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Brave New World

Aldous Huxley

Chapter 2

Summary Chapter 2

Analysis: Chapter 2

The first half of the students’ tour, described in the previous section, illustrates the World State’s abuse of biological science in conditioning its citizens. This section focuses on the use of psychological technologies to control the future behavior of World State citizens. Conditioning, combined with prenatal treatment, creates individuals without individuality: each one is programmed to behave exactly like the next. This system allows for social stability, economic productivity within narrow constraints, and a society dominated by unthinking obedience and infantile behavior.

The conditioning technique used to instill a dislike for flowers and books in infants is modeled after the research of Ivan Pavlov, a Russian scientist. Pavlov demonstrated that dogs could be trained to salivate at the ringing of a bell if the sound was consistently visually associated with food. This led to the observation that other kinds of responses could also be conditioned. His work became known to Western science in the decade before Brave New World was written. By applying Pavlovian theory to human infants, the state literally programs human beings to uphold the status quo.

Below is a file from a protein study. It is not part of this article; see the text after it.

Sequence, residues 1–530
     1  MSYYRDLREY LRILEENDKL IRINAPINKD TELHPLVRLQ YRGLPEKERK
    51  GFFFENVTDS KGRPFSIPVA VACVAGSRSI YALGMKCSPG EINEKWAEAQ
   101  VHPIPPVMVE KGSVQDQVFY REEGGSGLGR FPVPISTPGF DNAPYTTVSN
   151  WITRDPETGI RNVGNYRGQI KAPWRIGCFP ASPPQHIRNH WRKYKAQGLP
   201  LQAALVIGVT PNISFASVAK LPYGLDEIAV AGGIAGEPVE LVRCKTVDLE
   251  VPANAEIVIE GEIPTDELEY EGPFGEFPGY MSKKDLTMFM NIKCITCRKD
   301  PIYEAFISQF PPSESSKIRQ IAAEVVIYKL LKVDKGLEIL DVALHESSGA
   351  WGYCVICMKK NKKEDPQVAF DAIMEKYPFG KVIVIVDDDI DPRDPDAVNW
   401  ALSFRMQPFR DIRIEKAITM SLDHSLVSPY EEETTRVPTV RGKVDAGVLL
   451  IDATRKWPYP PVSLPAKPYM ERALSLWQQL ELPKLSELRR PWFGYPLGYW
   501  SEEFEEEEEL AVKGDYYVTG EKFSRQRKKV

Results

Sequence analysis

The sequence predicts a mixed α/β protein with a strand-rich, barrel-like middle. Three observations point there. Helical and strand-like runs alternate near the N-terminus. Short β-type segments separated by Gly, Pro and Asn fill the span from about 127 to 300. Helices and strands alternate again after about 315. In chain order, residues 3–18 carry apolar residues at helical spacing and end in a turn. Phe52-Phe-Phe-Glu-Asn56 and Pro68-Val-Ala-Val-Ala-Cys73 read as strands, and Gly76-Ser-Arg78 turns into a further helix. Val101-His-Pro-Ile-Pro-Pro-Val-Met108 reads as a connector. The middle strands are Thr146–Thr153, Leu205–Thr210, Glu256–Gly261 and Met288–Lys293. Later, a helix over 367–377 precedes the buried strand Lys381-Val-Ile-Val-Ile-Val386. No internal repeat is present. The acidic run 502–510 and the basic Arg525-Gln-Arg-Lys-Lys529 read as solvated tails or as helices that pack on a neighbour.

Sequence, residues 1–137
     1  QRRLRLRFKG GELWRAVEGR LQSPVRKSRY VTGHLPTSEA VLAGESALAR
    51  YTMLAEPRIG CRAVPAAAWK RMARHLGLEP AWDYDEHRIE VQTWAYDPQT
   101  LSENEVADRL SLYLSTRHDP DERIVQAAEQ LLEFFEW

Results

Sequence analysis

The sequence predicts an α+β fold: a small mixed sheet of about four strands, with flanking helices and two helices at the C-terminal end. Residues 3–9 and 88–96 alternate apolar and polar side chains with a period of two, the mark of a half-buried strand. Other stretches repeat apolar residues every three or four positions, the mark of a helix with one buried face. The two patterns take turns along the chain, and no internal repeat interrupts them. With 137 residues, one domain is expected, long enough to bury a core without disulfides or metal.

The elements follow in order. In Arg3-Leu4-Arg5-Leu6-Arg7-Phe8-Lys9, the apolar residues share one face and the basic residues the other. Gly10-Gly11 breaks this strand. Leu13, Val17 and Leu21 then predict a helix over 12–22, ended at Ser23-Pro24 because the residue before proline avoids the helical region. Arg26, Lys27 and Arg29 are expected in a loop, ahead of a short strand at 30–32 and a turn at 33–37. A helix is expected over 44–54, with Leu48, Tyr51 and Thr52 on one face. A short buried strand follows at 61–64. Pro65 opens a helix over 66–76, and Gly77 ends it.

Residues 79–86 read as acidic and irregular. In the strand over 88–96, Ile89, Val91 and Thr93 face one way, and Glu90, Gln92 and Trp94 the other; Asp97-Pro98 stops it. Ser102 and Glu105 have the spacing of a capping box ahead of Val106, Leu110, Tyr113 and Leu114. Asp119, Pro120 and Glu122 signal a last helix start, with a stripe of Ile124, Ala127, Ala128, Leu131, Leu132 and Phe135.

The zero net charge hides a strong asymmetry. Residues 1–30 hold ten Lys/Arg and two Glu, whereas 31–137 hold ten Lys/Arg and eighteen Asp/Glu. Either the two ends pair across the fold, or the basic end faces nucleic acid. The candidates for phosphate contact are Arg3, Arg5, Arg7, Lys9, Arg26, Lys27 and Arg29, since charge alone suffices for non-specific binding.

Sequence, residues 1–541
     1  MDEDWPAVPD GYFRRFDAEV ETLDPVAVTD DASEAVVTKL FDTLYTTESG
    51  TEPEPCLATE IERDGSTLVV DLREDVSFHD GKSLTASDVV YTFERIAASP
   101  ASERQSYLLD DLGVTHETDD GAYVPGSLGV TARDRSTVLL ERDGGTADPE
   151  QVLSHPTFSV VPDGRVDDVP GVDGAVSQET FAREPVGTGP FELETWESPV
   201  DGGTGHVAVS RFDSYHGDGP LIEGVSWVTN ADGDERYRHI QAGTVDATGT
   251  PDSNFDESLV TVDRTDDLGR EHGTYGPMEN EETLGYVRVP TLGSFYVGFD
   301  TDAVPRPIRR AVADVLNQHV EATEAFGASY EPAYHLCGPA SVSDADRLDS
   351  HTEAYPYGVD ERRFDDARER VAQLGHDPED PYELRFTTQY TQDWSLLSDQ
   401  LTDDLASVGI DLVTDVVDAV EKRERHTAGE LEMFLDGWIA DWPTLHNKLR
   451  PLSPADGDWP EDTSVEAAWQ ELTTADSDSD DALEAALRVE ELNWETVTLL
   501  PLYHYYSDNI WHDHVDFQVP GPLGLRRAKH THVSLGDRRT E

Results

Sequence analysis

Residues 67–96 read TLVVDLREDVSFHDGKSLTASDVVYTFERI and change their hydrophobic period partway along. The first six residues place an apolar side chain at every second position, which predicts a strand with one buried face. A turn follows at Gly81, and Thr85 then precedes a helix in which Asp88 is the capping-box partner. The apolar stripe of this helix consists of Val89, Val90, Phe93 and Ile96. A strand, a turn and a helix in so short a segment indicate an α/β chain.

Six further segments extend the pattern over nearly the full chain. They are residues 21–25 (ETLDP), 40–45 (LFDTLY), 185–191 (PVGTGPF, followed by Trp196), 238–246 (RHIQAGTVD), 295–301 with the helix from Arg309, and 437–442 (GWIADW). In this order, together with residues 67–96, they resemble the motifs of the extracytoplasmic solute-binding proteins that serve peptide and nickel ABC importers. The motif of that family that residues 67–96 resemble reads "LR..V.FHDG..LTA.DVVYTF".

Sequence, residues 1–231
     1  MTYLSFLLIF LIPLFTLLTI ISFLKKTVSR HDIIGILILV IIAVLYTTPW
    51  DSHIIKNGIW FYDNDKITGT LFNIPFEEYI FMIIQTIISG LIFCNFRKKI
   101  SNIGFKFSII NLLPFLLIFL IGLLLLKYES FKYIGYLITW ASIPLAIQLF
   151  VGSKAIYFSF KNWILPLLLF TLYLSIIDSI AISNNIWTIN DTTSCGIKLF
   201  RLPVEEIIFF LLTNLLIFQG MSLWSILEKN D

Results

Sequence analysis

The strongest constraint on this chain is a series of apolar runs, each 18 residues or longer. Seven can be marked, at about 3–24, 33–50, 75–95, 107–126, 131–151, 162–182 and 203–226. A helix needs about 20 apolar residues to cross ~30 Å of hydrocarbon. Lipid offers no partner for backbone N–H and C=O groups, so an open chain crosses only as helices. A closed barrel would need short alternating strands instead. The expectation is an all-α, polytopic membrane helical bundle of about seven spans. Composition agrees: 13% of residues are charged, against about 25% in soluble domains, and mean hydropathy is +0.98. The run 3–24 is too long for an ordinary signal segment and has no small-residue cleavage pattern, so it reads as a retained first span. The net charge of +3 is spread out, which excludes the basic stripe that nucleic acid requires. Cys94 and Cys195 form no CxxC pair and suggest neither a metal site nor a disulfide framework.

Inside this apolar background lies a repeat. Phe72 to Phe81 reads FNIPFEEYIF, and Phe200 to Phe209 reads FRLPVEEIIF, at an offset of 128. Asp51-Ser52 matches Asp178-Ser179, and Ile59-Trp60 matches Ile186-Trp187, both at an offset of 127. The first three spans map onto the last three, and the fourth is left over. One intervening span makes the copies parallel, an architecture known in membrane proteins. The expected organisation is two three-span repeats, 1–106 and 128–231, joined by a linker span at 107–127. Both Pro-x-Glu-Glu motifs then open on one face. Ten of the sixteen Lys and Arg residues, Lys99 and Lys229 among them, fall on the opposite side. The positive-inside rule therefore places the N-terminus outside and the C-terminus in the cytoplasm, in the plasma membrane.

The conditioning also drives the population to support the capitalist economic system. Because the World State wants children to be loyal consumers as adults, the importance of the individual is diminished in order to further the interests of the larger community. Even during their off-work hours, World State citizens serve the interests of production and, therefore, the interests of the whole economy and society, by consuming transportation and expensive sporting equipment. Any opportunity for individual, idiosyncratic behavior that might not feed the economy is eliminated.